Market trends are another thing to consider. How are your competitors likely to behave? Are any acquisitions in the works? Change in legislation? Focus on those before proceeding with any serious planning.
The big plan
Once you’ve sorted out the forecast, it’s time to create a plan. Sales planning is all about trying out a few different scenarios, seeing the possibilities, and mitigating risks. The process is best understood if outlined in the form of six steps.
- Situational analysis — You can leverage the historical data gathered through sales forecasting to identify potential obstacles and eventually build on your team’s strengths. This part is a blueprint for new strategies.
- Identifying goals — What do you want to achieve? Is your mission profit-oriented or customer-oriented? Do you want to increase revenue or boost customer value?
- Setting a strategy — This is where you outline individual roles and responsibilities. Consider the strengths and weaknesses of each team member.
- Setting a sales budget — Always know how much you’re willing to invest. Use the resources available to you effectively.
- Developing communication and boosting engagement — Set specific goals and milestones and communicate them. This part provides clear directions for the team. It can also involve shareholders to make sure everyone’s on the same page.
- Setting key measurements — Set clear benchmarks. Figure out if you’ve succeeded or not. If not, find a way to change your strategy.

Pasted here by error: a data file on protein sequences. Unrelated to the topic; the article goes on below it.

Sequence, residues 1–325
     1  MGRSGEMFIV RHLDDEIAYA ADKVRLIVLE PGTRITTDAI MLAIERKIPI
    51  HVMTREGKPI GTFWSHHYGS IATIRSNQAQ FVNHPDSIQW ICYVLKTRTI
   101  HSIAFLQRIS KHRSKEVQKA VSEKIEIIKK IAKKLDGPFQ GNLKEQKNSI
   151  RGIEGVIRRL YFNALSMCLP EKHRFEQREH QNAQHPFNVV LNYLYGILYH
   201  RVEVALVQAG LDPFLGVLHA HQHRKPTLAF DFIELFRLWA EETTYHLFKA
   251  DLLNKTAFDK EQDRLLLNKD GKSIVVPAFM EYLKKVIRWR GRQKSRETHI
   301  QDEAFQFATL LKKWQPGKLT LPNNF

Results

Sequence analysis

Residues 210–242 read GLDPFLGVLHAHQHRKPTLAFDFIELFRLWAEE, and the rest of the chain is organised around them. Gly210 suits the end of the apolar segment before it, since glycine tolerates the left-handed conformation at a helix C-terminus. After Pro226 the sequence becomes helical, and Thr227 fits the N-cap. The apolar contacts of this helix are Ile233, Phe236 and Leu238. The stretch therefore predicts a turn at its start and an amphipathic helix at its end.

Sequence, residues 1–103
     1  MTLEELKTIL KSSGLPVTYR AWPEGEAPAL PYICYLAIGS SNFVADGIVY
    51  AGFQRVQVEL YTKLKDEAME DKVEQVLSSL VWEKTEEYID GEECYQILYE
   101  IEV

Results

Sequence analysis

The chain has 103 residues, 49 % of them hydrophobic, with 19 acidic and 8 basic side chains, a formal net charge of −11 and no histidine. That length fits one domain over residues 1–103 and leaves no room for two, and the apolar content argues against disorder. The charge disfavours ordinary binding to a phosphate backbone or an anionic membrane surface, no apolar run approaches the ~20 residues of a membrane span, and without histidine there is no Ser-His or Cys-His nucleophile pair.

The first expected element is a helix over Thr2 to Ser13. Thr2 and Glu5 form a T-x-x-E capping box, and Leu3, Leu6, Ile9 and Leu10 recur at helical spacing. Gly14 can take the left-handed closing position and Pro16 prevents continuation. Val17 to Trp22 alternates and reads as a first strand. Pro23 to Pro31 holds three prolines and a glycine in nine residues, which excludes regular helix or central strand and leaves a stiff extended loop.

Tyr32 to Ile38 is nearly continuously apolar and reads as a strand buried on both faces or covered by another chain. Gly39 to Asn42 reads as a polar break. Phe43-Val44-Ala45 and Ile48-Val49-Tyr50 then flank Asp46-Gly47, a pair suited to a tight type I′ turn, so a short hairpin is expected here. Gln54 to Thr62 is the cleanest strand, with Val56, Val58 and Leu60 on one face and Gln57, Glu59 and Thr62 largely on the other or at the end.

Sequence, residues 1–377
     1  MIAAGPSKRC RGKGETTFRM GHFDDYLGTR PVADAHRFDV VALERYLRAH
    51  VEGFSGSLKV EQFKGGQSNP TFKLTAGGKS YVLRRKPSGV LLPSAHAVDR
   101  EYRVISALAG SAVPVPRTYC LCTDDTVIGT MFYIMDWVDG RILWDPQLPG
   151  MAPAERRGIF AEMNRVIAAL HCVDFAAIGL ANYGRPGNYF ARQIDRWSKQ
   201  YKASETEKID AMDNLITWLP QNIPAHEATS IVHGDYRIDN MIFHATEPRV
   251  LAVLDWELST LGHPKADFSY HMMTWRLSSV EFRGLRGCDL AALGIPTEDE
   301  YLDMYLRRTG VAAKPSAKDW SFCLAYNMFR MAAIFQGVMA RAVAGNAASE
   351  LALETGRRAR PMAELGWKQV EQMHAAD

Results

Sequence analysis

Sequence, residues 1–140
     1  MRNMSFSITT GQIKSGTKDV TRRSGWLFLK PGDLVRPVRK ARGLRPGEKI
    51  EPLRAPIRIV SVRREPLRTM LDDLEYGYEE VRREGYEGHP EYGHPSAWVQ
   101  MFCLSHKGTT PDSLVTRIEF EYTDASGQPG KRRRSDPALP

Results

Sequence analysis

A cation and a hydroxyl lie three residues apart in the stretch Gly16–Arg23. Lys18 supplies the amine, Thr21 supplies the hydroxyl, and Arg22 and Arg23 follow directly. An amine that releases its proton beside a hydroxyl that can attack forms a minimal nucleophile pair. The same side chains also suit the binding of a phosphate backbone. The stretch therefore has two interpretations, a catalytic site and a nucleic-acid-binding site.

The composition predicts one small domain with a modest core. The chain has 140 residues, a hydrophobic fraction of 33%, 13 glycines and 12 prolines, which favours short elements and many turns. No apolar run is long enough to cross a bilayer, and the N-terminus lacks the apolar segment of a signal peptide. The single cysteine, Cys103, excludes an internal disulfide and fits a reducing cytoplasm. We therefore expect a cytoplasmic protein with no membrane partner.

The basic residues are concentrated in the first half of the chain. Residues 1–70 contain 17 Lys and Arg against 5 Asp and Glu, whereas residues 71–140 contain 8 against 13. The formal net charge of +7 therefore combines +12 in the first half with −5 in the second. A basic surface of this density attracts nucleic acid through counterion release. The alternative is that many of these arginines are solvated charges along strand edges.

Avoiding the traps
The main downsides of sales forecasting can be the lack of accuracy, excessive subjectivity, and inability to see the bigger picture. This can lead to limited usability of your findings. The trick is to assume a detached stance. Analyze your business and sales as if they belonged to another company.
When it comes to planning, it’s the changing conditions on the market that can pose the biggest trap. The landscape is prone to disruptions. Just look at the global pandemic. For many businesses, it means planning (and playing) on the safe side.
Reaping the benefits
Despite the risks, sales forecasting and planning usually bring plenty of benefits. They can improve overall efficiency and help you get the most out of your sales team. The information gathered during the research process can drastically improve decision-making about the future. Further down the line, you’ll spend less time on analytics and more on action.
Good planning reduces risk and removes much of the guesswork from decision-making. Other benefits include:
- Reduced lead times
- Increased customer service levels
- Lower inventories
- Fewer instances of obsolescence
Into the future!
All this could potentially secure the future of your business. What about the future of sales forecasting and planning as a whole? What comes next? Predictive analytics seem to be an incoming trend.
This approach can leverage pipeline data and machine learning to extrapolate from historical trends. It uses AI to fill the gaps in the data and calculate the probabilities of each possible scenario. It’s highly actionable — from boosting sales and keeping the customers satisfied to managing your remote sales team. Definitely, an innovation to consider.